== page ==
He crafted his own myth with such success that people have always sought to find Rembrandt’s personal life in his works. Te Papa’s Bearded man, in a furred oriental cap and robe (below), is traditionally said to be a portrait of the artist’s father, despite no real evidence to support the claim. The print was possibly intended as a companion piece to The artist’s mother seated, in an oriental headdress (not in Te Papa’s collection, below). Again, the identification of the sitter as Rembrandt’s mother is traditional and postdates the print by well over a century: it first appears in 1792, inscribed on the back of a copy by the artist Francesco Novelli, by which time the Rembrandt cult was thriving.
Whether or not they depict Rembrandt’s parents, the two prints are exquisitely etched and minutely individualised. The old woman, with her fine wrinkles, drooping lids and pursed lips, has all the formidable dignity of the matriarchs in contemporary Dutch portraiture – though in her exotic headdress and furs she has none of their starch-ruffed stiffness.
Rembrandt’s interest in human expressions extends not just to portraits and figure studies, but also to his grandest religious subjects. Even his harshest critics valued the genuineness and immediacy of the emotions expressed by his figures. The death of the Virgin at Te Papa (1639, below) is a beautiful example of how he depicted sublime religiosity with complete humanity.
The angel appearing to the shepherds (not at Te Papa, below) is an even more striking instance of this. It is perhaps the most ambitious print of Rembrandt’s early career, and far and away the most baroque of all his etched religious subjects. He pictures the very instant after the arrival of the angel, who has not yet had time to utter the words ‘Fear not’; one of the shepherds, mid-fall, has yet to hit the ground, and the next shepherd stands dazed by the sudden blaze of light flooding the dark landscape. The animals’ emotions are just as vividly portrayed as the humans’: the panicking livestock are scattering in all directions. Rembrandt obviously enjoyed the subject, as he returned to it a year later in Christ driving the money changers from the Temple.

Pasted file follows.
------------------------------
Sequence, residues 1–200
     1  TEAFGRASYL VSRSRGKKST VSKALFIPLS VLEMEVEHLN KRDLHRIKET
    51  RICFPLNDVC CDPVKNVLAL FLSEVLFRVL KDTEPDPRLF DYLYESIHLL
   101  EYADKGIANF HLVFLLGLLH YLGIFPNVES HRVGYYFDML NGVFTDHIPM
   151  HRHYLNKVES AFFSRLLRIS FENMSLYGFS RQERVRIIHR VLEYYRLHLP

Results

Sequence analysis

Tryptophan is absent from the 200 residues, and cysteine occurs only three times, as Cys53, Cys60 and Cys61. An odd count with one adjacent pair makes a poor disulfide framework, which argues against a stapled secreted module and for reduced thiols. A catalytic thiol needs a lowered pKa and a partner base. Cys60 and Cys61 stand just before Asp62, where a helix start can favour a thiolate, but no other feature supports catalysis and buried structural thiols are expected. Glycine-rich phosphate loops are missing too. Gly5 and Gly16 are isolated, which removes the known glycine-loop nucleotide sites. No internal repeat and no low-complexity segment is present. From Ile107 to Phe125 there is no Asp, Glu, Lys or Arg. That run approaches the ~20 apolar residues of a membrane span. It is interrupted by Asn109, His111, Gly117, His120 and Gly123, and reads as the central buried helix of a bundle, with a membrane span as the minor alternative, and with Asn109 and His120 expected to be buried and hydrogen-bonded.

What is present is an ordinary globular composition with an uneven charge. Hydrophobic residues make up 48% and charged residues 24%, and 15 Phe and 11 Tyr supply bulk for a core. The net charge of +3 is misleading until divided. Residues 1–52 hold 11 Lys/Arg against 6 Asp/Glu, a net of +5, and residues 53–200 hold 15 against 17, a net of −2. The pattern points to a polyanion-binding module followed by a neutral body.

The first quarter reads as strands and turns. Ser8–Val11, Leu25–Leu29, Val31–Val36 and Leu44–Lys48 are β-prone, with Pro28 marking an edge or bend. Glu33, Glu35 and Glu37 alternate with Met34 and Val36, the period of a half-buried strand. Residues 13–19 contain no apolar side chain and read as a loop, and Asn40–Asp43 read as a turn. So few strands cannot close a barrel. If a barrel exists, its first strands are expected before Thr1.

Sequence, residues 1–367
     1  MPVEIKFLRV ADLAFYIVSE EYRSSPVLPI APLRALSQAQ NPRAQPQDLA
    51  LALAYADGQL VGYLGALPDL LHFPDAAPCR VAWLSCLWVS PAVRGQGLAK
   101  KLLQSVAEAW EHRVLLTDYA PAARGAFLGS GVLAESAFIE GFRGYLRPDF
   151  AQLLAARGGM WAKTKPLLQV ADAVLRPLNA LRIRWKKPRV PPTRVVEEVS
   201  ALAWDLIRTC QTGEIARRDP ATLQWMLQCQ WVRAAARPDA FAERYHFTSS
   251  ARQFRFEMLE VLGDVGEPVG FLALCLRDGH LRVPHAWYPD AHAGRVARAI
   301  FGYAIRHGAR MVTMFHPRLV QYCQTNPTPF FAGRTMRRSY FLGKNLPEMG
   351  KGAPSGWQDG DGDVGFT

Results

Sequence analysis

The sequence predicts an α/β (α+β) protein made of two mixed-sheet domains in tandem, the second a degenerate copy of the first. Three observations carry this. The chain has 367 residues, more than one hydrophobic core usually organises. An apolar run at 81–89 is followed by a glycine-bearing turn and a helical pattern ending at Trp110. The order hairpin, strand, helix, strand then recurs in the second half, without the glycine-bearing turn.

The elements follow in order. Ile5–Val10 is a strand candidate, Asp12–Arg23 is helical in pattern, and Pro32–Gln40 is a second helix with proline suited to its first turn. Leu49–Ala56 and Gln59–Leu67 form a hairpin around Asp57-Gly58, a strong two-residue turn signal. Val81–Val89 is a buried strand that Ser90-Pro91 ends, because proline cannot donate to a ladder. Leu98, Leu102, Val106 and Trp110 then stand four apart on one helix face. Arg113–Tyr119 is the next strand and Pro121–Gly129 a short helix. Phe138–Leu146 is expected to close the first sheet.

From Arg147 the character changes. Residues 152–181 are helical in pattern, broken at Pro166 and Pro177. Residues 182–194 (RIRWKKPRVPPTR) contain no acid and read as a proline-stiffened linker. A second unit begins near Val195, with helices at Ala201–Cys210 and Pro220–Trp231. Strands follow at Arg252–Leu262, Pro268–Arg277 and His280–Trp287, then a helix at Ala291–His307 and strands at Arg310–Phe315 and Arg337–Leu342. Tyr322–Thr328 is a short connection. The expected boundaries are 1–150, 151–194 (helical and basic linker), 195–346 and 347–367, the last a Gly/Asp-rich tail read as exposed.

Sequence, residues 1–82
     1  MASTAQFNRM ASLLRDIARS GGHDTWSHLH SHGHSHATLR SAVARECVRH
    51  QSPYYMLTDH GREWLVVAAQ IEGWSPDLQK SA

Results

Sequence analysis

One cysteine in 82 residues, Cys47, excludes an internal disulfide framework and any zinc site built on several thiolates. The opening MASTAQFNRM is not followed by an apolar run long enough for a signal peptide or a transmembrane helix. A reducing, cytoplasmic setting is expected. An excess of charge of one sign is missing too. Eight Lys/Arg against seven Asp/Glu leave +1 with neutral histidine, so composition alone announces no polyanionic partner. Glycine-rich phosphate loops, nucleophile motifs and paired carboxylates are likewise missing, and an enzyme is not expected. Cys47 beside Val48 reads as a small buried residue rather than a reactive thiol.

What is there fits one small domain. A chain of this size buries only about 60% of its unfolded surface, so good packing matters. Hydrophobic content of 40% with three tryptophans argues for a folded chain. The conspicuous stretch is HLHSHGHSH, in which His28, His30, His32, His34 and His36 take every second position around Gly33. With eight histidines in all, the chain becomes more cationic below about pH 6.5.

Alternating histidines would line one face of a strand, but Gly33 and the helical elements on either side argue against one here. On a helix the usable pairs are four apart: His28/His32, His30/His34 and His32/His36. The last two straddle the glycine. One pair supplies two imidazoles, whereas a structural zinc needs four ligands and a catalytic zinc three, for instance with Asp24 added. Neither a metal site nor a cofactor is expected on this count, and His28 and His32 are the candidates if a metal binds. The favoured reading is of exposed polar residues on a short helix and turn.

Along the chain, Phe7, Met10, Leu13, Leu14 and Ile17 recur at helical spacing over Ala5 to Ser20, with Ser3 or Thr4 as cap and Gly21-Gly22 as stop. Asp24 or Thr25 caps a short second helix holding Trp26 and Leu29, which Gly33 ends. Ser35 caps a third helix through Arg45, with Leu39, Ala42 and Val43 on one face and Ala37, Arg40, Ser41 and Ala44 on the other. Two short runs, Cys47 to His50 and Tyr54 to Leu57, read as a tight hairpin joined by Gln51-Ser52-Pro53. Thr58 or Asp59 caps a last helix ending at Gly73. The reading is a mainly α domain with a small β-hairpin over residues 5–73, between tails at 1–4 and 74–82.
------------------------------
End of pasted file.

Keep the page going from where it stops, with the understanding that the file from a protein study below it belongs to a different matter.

The flocks of cows and sheep, tumbling wildly, are a humorous sight. It can be all too easy to forget, when thinking of Geniuses and Great Art, that even Great Artists have their lighter side. Rembrandt in particular has a mischievous sense of humour – after all, this is the man who drew the famous Satire on art criticism and who painted the young Ganymede wetting himself.
In 1630, he painted the biblical story of the good Samaritan (London: Wallace Collection). The composition was complex and experimental, but there was nothing out of the ordinary about his subject. This changed in 1633, when he reproduced the painting in print – and added a prominently pooing dog in the foreground (not in Te Papa’s collection, below). The inclusion of such a figure in a large-scale religious work is testament to the young Rembrandt’s very Dutch sense of scatological (and sacrilegious) humour (cf. Jan and Andries Both’s equally scatological print Smell, featured in my previous blog post).
All it takes is a work like The good Samaritan to make prints with a subtler humour reveal their irreverent side. Take, for example, Te Papa’s Baptism of the eunuch (1641, below). At first sight it appears to be a straightforward biblical scene (though the animals, with their hefty dose of personality, can threaten to steal the show). But then – with a good magnifying glass – you might notice the two naked female bathers, reduced to a few tiny, sketchlike strokes in the background. It’s got to be the slyest union of the sacred and the profane that I’ve ever spotted in an artwork (typical Rembrandt). Of course, there’ll be more details that I haven’t noticed: it’s a perfect illustration of what there is to see if you look carefully not just at what’s in an artwork, but also at the artworks around it.
And if any fairy godmothers out there are feeling particularly generous, Te Papa would be delighted to receive fine impressions of one or more of the above works for its collection!
VUW Summer Scholar, Collections